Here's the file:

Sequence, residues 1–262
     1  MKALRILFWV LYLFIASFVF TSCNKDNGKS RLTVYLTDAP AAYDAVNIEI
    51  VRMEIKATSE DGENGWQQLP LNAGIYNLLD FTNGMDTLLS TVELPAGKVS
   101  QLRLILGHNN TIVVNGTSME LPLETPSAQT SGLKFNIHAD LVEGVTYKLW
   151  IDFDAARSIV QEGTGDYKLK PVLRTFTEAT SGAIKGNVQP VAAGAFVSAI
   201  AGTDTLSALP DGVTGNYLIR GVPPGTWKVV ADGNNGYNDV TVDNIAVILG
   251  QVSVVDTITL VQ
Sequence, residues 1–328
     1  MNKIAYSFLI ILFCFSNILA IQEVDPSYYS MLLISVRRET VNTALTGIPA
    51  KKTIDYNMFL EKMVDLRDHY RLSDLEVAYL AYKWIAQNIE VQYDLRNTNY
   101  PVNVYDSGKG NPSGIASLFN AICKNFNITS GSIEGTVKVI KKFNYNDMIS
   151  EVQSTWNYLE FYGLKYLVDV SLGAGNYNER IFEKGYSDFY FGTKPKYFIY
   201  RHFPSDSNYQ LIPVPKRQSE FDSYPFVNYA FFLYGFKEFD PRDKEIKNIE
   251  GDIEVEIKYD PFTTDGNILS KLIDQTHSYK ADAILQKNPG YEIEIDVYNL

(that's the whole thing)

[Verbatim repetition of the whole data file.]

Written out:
Sequence, residues 1–262
     1  MKALRILFWV LYLFIASFVF TSCNKDNGKS RLTVYLTDAP AAYDAVNIEI
    51  VRMEIKATSE DGENGWQQLP LNAGIYNLLD FTNGMDTLLS TVELPAGKVS
   101  QLRLILGHNN TIVVNGTSME LPLETPSAQT SGLKFNIHAD LVEGVTYKLW
   151  IDFDAARSIV QEGTGDYKLK PVLRTFTEAT SGAIKGNVQP VAAGAFVSAI
   201  AGTDTLSALP DGVTGNYLIR GVPPGTWKVV ADGNNGYNDV TVDNIAVILG
   251  QVSVVDTITL VQ
Sequence, residues 1–328
     1  MNKIAYSFLI ILFCFSNILA IQEVDPSYYS MLLISVRRET VNTALTGIPA
    51  KKTIDYNMFL EKMVDLRDHY RLSDLEVAYL AYKWIAQNIE VQYDLRNTNY
   101  PVNVYDSGKG NPSGIASLFN AICKNFNITS GSIEGTVKVI KKFNYNDMIS
   151  EVQSTWNYLE FYGLKYLVDV SLGAGNYNER IFEKGYSDFY FGTKPKYFIY
   201  RHFPSDSNYQ LIPVPKRQSE FDSYPFVNYA FFLYGFKEFD PRDKEIKNIE
   251  GDIEVEIKYD PFTTDGNILS KLIDQTHSYK ADAILQKNPG YEIEIDVYNL